Monday 11 December 2017

President will face backlash if he axes his senior personnel

Rex Tillerson
Rex Tillerson

Kim Sengupta

While the focus was on the terrible massacre in Las Vegas, some remarkable developments were taking place involving the US president's senior men in Washington.

Rex Tillerson held a press conference to reassure that he was not going to resign. At the same time, he pointedly refused to deny that he had called Donald Trump a 'moron'.

The US secretary of state will continue his discreet direct talks with Pyongyang, having set up the channel through diligent diplomacy in an attempt to defuse a spiralling confrontation in which Mr Trump has repeatedly threatened to destroy North Korea. In carrying on with the talks he is ignoring Mr Trump, who has publicly dismissed them as a waste of time.

Just the day before, General James Mattis told Congress that the nuclear deal with Iran was working and should not be scrapped. He stressed that this was also the view of the other international signatories to the agreement with Tehran.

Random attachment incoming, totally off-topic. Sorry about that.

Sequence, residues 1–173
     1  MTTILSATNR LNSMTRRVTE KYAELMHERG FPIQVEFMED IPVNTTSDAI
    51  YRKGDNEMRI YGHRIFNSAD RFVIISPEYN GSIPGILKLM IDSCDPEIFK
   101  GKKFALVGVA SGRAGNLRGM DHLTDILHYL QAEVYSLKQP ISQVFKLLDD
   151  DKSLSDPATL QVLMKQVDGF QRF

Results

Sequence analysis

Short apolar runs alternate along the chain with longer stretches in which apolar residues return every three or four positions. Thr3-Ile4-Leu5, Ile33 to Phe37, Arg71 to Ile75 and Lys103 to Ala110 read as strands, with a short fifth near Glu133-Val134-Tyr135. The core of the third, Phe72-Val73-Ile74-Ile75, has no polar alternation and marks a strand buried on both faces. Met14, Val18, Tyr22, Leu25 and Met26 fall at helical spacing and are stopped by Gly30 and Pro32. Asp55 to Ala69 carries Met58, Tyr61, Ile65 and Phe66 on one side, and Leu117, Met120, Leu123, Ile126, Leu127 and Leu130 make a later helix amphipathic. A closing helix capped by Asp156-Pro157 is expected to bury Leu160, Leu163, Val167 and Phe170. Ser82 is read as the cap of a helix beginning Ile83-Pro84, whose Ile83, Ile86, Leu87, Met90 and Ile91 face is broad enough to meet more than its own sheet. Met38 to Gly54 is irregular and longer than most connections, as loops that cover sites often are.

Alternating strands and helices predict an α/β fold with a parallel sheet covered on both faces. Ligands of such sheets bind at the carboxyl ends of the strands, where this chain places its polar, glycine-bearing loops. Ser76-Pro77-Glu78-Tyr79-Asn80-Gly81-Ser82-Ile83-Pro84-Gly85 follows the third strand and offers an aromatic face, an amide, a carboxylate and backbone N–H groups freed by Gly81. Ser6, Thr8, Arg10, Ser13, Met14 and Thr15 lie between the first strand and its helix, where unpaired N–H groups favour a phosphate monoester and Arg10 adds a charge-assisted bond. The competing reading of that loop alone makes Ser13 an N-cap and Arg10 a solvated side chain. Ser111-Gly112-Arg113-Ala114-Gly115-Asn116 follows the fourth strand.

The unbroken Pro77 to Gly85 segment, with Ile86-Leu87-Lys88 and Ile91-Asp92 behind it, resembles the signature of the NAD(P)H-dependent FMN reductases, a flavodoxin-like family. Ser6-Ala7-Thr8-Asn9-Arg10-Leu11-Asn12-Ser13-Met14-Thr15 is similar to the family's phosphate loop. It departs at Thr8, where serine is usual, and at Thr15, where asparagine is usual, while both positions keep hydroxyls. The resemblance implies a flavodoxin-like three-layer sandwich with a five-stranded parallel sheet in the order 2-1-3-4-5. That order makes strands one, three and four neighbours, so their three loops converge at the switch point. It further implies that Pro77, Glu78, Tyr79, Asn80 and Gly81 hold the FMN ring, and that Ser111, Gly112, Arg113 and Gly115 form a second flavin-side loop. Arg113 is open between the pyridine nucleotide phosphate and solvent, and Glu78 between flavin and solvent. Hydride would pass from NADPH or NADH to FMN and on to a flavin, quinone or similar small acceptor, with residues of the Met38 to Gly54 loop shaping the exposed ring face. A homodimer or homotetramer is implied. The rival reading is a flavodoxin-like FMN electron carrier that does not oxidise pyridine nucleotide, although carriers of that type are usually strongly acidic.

The US defence secretary was openly contradicting Mr Trump, who has repeatedly vowed to tear up the deal. This follows Mr Tillerson forcing the president in July to grudgingly certify that Iran was complying with the agreement.

At the same time reports have surfaced that Gen Mattis, Mr Trump's National Security Adviser Lieutenant General HR McMaster, and his Chief of Staff General John Kelly have renewed their pact to ensure that not all three will ever be abroad at the same time. They will ensure at least one remains in the country to monitor orders coming from the White House.

This is quite a scenario even by the extraordinary standards of the Trump administration.

It is as if some of his most senior men have decided that it is their patriotic duty to protect the country from the president's worst mistakes.

Mr Tillerson and Gen Mattis have long become frustrated by being undermined by Mr Trump and people close to him.

Mr Trump, in his short presidency, has already lost a chief of staff, a national security adviser, health secretary, a press secretary and two communications directors. He has fired the director of the FBI, and belittled his attorney general and deputy attorney general.

He will, however, face strong opposition, not least from prominent people from his own party, if he seeks to sack the senior members of the administration standing up to him.

Independent News Service

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